Hate it or love it, this divisive herb is a staple in many cuisines
By Cory Haller | September 3, 2016
Can you imagine Mexican or Indian food without the addition of cilantro? How about banh me (Vietnamese sub)?
Whether you want to admit or not, this herb can make or break some of the world’s iconic dishes; without it, they lose their identities. But it’s also one of the world’s most divisive. It’s generally loved or hated – for very peculiar reasons. Here are some quick hits on cilantro, making its way from gardens to plates this summer.
Something to remember when hosting dinner:
While we in the Americas call the leafy herb of the coriander seed “cilantro,” you may want to file this away if you’re having over guests from across the pond: Our European neighbours make no named distinction between the plant and seed. It’s coriander all-around.
If you hate it, it’s not your fault:
Not everyone loves cilantro in his or her salsa. In fact, if you’re one of the people out there who think it tastes like soap, don’t worry: This is normal for at least 14 per cent of the population. Cilantro is regarded as one of the world’s most polarizing herbs, but now science has shown that some people are genetically predisposed to hate it. The blame lies in a group of olfactory-receptor genes, called OR6A2, that sniff out aldehyde chemicals -which are found in both cilantro and soap.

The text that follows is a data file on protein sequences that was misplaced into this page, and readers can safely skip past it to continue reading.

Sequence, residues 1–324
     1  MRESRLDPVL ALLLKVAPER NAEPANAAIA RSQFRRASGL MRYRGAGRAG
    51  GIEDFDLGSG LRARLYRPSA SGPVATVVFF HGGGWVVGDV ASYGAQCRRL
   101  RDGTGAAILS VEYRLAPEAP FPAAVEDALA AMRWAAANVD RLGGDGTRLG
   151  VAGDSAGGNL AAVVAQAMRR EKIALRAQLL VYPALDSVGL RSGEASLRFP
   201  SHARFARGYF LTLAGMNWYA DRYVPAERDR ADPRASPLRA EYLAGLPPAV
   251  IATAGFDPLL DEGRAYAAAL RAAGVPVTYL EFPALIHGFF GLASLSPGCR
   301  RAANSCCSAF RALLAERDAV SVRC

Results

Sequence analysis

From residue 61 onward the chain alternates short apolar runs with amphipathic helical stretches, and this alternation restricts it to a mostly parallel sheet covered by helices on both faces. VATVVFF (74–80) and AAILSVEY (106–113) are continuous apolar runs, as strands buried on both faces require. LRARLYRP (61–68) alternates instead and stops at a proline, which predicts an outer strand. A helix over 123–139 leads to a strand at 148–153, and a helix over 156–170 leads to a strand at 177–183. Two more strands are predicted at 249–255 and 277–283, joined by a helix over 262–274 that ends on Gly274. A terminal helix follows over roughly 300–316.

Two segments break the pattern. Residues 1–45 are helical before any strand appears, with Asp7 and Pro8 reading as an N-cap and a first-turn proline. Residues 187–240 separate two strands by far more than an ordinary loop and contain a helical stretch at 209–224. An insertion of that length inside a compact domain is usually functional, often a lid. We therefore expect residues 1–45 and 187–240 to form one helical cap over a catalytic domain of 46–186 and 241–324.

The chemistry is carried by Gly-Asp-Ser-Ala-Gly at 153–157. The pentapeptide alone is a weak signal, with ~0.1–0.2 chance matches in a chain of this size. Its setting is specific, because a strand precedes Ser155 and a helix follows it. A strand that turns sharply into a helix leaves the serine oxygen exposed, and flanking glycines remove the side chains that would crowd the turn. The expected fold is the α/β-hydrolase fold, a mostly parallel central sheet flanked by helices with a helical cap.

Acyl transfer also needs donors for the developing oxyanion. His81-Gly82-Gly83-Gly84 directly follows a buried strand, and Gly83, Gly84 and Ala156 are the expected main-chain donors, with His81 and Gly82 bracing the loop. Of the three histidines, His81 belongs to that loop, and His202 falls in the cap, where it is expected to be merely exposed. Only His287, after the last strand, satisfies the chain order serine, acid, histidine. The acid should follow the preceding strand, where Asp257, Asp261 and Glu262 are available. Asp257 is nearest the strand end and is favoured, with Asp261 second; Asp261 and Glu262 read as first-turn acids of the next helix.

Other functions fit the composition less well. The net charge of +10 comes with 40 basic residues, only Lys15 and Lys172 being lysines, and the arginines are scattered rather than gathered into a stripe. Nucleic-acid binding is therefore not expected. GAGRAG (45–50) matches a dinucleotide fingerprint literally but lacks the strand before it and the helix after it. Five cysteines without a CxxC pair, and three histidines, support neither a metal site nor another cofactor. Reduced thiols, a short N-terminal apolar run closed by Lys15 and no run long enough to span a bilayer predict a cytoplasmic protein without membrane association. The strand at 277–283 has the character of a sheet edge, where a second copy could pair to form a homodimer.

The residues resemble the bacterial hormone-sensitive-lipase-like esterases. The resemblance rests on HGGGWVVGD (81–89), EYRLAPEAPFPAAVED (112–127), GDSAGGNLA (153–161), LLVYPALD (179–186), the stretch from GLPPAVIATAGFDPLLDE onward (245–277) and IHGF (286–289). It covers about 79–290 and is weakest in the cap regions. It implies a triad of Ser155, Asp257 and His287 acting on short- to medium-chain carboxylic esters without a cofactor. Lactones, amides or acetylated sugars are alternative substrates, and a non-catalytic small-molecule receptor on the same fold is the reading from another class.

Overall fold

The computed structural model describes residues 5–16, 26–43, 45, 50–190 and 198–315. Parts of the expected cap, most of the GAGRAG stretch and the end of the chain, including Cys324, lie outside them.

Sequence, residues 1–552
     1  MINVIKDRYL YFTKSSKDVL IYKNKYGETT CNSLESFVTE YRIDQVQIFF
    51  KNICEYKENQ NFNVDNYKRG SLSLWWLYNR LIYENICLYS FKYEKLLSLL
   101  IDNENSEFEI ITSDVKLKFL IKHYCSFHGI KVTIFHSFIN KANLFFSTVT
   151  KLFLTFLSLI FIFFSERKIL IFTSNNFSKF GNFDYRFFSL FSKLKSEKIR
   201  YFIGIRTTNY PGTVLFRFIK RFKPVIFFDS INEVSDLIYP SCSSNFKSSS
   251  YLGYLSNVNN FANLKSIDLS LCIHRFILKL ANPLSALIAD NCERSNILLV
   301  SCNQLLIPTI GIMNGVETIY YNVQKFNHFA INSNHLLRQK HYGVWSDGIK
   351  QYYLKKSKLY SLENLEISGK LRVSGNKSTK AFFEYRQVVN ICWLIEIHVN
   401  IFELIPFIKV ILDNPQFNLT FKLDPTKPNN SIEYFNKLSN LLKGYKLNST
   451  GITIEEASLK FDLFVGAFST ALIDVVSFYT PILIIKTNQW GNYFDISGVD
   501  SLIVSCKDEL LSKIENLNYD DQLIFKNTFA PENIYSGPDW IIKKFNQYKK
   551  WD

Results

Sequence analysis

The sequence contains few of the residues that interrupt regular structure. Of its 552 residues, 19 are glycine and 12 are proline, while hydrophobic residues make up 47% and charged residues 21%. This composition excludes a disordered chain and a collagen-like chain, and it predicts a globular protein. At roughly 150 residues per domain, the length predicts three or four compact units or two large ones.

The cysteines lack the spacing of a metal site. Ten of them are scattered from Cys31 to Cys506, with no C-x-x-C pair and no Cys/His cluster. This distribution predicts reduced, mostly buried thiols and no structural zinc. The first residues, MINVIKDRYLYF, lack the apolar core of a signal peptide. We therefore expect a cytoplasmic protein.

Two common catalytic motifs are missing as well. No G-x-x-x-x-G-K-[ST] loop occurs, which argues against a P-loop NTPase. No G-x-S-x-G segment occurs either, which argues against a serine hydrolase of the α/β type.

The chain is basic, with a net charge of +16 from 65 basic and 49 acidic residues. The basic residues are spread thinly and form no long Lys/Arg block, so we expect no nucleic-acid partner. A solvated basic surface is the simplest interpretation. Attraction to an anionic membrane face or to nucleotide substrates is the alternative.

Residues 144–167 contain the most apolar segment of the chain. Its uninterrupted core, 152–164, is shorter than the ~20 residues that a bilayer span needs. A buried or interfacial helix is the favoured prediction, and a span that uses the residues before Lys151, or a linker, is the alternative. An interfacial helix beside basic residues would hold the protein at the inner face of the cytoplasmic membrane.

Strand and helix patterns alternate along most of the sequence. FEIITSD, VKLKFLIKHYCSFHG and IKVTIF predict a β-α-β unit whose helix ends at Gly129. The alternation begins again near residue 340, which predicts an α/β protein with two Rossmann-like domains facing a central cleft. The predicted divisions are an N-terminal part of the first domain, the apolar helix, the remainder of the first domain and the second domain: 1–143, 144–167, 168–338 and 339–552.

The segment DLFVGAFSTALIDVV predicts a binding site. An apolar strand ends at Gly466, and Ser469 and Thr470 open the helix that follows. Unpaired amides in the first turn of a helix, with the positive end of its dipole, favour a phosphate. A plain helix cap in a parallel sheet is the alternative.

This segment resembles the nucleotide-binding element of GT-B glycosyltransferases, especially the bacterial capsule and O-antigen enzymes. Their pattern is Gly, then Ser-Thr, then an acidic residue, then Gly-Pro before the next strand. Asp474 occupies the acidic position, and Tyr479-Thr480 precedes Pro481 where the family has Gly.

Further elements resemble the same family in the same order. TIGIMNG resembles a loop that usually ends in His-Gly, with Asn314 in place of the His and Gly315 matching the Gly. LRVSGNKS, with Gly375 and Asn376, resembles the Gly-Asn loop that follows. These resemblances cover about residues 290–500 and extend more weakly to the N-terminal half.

Tip: Cilantro can be altered to make it easier to swallow. Simply crush the leaves. This gives enzymes a chance to convert aldehydes into other substances that taste less “soap-like.”
Recipe: Cilantro Lime Butter
½ cup of butter
zest of 1 lime
2 tablespoons of finely
1 tablespoon of wasabi paste
Combine ingredients by mixing and mashing with a fork.
Spoon the butter on a plastic cling wrap and fold it over.
Roll into a cylindrical shape and place in refrigerator for at least 30 minutes.
Then spread it on steaks for a herbaceous kick. Add to toast, or grilled corn, or use as a sandwich spread.
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